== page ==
The U.S. Geological Survey (USGS) has released a report, Science for a Risky World: A USGS Plan for Risk Research and Applications, addressing opportunities to increase its role in risk assessment, mitigation, and crisis communication. Given the increased public demand for reliable information for planning and responding to environmental hazards, the USGS aims to highlight the importance of “empowering the Nation to prepare for and cope with hazards using scientific data and research.” The Risk Plan includes a variety of tools, such as hazard assessments, operational forecasts and warnings, vulnerability assessments, risk communications, decision-support systems, and post-event assessments.
Along with a number of thematic case studies, the Plan provides a set of specific recommendations for establishing mechanisms of risk research and applications. The key action points are the following:
- Continue developing effective relationships with partners and other stakeholders on all stages of scientific risk assessment and post-event evaluation;
- Identify and prioritize risk research and applications funding through joint proposals and supplemental opportunities;
- Create a central, Bureau-wide point of contact for risk research and applications;
- Develop a web page or wiki to establish an online foundation for a USGS community of practice;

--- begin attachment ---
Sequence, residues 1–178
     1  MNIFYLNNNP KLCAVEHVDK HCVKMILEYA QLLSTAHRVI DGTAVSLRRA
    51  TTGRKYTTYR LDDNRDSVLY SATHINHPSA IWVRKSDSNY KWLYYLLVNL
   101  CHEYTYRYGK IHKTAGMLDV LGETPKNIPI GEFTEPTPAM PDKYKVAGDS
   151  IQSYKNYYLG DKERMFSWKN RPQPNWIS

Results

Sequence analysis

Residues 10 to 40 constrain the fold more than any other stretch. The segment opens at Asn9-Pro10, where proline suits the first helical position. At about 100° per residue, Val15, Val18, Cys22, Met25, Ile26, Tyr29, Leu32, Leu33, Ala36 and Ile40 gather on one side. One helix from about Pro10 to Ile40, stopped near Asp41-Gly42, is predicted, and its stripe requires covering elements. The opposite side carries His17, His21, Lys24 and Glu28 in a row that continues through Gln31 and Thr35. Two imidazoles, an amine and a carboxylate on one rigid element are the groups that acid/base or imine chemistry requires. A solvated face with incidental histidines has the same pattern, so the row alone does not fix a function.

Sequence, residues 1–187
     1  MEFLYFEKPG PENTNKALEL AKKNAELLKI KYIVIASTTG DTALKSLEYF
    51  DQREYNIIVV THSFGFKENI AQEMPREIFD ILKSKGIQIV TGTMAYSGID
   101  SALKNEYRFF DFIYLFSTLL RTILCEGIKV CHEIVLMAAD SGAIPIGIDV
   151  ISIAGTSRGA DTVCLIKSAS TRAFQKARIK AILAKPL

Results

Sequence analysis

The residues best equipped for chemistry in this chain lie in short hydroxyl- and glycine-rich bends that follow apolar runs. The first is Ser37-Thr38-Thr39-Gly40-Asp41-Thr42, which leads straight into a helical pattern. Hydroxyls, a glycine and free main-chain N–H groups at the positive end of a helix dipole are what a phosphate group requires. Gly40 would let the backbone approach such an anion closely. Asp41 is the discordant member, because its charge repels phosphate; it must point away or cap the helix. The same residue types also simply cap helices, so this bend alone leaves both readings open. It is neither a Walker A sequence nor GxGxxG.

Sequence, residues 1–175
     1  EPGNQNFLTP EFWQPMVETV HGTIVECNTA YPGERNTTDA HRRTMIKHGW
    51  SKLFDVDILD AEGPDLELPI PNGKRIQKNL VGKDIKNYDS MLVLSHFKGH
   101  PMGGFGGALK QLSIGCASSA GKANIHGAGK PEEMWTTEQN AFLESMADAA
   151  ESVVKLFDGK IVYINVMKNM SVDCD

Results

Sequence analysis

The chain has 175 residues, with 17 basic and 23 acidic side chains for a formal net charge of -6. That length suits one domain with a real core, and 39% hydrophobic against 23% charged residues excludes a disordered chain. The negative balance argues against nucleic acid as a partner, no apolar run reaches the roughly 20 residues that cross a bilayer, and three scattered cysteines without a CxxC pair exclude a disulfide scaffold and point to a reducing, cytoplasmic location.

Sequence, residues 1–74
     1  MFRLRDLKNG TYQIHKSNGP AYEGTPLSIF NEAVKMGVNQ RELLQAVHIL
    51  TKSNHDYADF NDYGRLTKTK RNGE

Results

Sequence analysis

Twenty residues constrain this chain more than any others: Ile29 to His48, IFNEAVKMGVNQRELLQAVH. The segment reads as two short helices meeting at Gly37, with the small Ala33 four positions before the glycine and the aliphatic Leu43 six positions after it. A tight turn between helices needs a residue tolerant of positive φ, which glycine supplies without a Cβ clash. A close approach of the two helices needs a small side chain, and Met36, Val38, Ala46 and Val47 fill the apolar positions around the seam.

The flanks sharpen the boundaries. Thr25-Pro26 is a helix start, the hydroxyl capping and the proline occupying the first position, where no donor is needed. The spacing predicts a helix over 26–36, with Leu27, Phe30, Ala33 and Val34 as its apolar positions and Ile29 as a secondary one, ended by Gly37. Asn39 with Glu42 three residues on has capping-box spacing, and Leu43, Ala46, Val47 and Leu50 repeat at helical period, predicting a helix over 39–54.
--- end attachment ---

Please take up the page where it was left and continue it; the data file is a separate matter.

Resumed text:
- Address staffing, mentoring, and training needs;
- Identify collaboration opportunities with other agencies and outside partners; and
- Encourage follow-up re-evaluations and contributions to this Plan.
Significantly, the Risk Research and Applications Plan explores new opportunities for collaborations between the Bureau as well as the community at large in order to develop and deliver “actionable information to improve risk reduction.” Each listed activity ties in to the USGS Fundamental Science Practices coupled with the Nation’s most pressing environmental hazard preparedness needs. The Plan incorporates the existing data and experience while setting up a long-term agenda for identifying and responding to a variety of natural disasters.
The HSDL offers many additional resources related to environmental disasters in our special featured topics Earthquakes, Wildfires, Mass Evacuations, and Social Media Use in Emergencies. Please note: HSDL login is required to view some of these resources.
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